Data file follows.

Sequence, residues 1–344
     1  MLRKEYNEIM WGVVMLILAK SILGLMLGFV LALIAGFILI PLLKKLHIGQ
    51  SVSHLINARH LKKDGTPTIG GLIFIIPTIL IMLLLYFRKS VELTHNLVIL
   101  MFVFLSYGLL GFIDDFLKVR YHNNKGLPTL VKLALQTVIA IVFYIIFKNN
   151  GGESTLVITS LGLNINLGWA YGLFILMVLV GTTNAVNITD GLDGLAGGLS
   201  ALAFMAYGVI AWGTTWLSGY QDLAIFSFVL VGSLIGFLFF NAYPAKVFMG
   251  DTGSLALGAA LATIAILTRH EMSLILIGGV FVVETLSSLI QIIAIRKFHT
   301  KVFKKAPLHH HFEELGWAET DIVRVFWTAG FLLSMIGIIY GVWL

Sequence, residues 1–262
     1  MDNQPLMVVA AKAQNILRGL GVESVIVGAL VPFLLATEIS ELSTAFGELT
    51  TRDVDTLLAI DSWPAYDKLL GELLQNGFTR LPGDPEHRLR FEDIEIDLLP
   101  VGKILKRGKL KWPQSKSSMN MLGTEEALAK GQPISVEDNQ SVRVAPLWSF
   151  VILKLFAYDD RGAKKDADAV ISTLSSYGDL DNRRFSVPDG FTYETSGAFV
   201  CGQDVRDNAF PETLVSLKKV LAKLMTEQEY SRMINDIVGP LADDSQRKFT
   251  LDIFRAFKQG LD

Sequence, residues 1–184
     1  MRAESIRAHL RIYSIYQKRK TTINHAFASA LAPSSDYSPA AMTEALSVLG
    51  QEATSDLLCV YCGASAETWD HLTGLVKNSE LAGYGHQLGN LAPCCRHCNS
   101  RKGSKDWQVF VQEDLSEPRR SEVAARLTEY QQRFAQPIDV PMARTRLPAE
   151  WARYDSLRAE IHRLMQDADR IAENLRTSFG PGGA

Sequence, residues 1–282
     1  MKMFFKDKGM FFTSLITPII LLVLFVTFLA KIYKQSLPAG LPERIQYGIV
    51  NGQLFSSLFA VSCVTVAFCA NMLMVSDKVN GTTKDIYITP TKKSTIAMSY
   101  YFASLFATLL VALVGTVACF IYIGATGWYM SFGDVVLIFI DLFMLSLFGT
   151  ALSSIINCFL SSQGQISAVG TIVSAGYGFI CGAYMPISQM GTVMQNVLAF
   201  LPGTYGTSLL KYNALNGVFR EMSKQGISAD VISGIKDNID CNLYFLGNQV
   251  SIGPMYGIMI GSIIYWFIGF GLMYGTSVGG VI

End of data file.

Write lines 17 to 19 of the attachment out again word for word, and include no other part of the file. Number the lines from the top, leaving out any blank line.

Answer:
     1  MRAESIRAHL RIYSIYQKRK TTINHAFASA LAPSSDYSPA AMTEALSVLG
    51  QEATSDLLCV YCGASAETWD HLTGLVKNSE LAGYGHQLGN LAPCCRHCNS
   101  RKGSKDWQVF VQEDLSEPRR SEVAARLTEY QQRFAQPIDV PMARTRLPAE